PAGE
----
Camaraderie with Christ - The Warrior's Journey®

Camaraderie with Christ

Author: Chaplain, COL Scott McChrystal, USA (Ret.)

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I rejoice in what I am suffering for you, and I fill up in my flesh what is still lacking in regard to Christ’s afflictions, for the sake of his body, which is the church.” (Col. 1:24) 

In Philippians 3:10 Paul had written that he longed to know Christ in the fellowship of His sufferings. Paul knew there is a sacred camaraderie that is born through mutual suffering. As he endured the rejection, persecution, and injustices that Jesus Himself suffered, it connected him to Christ’s heart in a profound way. After suffering what Jesus suffered Paul felt nearer to Jesus and experienced His comfort as never before (2 Corinthians 1:3-5). It was as if Jesus came to his side and whispered in Paul’s ear, “I know exactly how you feel, for I have suffered in the very same way.” Note how, in his deepest distress, Christ appeared to Paul to comfort him (Acts 24:11; 27:23-25). Yes, when we endure hardship and heartbreak, we are drawn closer to the heart of Jesus, who suffered them both during His troubled earthly sojourn.   

Soldiers know exactly what I’m talking about. After witnessing first-hand the painful cost of freedom – paying the price themselves in body, mind, and soul – they reach a level of camaraderie that only other soldiers can know. They experience a sacred bond with other soldiers who have suffered likewise. And they will be disturbed to see their civilian counterparts – so rich with freedoms they’ve never had to earn or defend – burn their flag and ridicule their nation. Soldiers will tend to feel it’s not right that so few should pay the price for freedom that benefits so many, while those many remain clueless to its cost. “There’s a lack of suffering on the part of Americans.  If they knew how costly freedom was they wouldn’t be so eager to embrace socialism and slavery.”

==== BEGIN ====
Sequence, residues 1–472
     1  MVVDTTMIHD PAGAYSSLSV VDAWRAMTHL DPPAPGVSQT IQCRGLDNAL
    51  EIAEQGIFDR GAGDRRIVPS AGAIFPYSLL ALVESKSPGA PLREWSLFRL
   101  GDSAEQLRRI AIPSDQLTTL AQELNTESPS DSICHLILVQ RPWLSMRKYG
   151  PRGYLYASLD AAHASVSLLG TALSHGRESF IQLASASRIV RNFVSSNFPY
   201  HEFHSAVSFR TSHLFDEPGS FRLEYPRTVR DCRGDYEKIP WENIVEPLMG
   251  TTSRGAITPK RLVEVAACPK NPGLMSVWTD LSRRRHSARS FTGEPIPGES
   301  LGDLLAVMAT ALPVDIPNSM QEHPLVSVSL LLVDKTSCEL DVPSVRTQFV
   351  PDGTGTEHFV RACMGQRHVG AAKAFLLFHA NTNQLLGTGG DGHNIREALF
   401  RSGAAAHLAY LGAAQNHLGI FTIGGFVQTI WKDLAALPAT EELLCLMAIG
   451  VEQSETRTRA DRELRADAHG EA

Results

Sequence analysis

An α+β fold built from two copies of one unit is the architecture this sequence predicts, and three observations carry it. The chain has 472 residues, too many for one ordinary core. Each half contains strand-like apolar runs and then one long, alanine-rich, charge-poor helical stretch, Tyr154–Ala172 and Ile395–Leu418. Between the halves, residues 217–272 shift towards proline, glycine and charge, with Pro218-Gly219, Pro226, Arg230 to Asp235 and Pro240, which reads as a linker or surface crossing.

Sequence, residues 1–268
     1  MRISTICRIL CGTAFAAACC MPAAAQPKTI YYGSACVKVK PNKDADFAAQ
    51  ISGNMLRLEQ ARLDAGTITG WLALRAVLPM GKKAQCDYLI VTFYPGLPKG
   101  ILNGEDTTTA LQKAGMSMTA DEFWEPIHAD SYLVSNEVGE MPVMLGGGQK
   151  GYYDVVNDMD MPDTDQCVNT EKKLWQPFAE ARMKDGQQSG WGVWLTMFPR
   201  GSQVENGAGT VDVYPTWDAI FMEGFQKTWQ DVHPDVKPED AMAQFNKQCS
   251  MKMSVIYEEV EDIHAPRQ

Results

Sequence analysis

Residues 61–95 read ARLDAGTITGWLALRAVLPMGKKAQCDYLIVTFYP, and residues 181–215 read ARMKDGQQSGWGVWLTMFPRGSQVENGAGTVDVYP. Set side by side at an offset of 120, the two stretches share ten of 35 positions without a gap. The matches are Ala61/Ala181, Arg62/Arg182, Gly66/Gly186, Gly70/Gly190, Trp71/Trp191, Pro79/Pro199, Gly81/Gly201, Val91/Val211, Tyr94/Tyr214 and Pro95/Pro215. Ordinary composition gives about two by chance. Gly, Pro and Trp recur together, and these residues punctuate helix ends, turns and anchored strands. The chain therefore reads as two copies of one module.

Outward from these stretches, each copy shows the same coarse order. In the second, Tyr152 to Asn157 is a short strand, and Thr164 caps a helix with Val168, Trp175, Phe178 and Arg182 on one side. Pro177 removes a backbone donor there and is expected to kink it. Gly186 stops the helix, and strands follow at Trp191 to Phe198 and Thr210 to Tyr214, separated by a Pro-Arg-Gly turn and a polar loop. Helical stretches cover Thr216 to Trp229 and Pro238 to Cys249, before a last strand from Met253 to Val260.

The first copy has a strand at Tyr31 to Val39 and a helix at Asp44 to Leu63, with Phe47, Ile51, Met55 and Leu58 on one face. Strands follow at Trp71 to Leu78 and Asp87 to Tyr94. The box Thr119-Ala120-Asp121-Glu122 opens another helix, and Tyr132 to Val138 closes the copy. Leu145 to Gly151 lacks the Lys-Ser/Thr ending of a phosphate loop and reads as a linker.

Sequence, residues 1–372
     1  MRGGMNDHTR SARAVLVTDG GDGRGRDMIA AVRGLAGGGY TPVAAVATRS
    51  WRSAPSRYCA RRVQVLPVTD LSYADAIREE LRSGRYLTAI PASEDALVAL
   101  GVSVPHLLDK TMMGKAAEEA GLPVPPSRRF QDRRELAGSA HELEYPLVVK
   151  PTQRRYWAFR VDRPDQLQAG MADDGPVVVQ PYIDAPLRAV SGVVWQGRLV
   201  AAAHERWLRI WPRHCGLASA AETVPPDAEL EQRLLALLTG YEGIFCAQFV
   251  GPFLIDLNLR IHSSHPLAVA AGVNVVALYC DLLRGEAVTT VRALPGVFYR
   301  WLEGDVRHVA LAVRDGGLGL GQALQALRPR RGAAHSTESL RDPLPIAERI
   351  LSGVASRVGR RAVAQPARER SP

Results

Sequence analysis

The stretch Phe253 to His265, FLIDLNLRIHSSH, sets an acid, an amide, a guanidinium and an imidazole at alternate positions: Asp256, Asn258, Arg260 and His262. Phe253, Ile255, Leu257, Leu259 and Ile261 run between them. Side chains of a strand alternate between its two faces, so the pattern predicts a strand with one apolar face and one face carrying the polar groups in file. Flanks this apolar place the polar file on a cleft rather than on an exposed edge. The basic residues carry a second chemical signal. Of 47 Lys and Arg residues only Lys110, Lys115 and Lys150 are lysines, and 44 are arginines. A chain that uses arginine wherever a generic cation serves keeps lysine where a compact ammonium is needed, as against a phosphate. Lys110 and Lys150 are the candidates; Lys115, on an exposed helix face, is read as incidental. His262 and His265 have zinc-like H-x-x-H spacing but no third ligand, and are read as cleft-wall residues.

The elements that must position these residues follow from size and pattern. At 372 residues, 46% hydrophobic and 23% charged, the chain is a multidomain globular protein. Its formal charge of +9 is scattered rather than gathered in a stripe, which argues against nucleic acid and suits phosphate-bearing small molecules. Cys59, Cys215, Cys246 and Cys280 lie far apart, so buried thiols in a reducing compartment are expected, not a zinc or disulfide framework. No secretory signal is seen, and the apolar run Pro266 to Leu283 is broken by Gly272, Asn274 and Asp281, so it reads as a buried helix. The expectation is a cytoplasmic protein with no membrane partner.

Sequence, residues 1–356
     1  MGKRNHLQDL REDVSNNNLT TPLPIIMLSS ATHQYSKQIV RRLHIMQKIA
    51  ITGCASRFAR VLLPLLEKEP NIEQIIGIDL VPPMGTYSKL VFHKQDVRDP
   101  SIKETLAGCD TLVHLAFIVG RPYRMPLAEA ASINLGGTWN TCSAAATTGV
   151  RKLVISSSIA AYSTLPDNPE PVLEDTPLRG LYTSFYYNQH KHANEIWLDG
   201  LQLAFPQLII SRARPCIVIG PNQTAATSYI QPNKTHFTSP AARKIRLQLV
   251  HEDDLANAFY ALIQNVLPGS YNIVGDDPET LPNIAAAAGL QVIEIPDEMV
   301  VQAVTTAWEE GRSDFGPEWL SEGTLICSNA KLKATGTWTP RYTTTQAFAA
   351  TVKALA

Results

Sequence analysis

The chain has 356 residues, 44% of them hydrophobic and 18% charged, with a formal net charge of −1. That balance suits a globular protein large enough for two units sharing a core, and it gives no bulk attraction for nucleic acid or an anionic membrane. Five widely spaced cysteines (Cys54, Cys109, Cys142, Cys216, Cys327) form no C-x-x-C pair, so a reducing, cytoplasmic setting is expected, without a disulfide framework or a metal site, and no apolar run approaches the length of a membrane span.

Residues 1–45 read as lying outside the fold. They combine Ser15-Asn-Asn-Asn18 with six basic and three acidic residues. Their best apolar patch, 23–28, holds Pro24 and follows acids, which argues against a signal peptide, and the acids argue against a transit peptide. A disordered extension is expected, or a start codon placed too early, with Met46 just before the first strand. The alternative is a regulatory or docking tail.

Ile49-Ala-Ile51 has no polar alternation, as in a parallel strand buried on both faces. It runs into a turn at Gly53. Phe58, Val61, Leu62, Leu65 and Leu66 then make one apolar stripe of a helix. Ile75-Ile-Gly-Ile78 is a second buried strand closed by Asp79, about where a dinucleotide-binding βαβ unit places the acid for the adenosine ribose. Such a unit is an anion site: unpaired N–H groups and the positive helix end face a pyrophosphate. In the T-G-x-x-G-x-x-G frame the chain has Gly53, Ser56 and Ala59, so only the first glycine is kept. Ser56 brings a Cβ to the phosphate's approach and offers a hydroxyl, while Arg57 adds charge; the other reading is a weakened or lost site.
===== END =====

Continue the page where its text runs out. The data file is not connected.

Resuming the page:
Here in Colossians 1:24, Paul looks at the church of Jesus Christ, so rich with the blessings He has purchased with His own blood. He sees a similar lack of camaraderie between the church and her Lord, a camaraderie and fellowship that can only be born through mutual suffering.  On Paul’s part, he is happy to share in Christ’s sufferings. He is glad to take on more than his share of those hardships and adversity that bring him closer to the heart of Jesus. For they yield a deeper friendship with Christ. 

Of course, suffering for Jesus Christ, was part of Paul’s calling. That’s what Jesus said about Paul when he first believed. “For I will show him how much he must suffer for My name’s sake” (Acts 9:16). Paul knew that every Christian couldn’t do what he did or endure the persecution he suffered. Only a few, strong of faith and full of the Spirit of God, could reach that deeper fellowship with Christ. And, I suspect, that most soldiers understand that most Americans can never stand guard over America’s freedoms. Only a few courageous and selfless men and women will ever really know the true cost of such freedom and the camaraderie their suffering attains. 


  • Is there a camaraderie, a deep friendship between you and Jesus Christ? 
  • Are you willing to draw nearer to Christ, though it means sharing His sufferings? 

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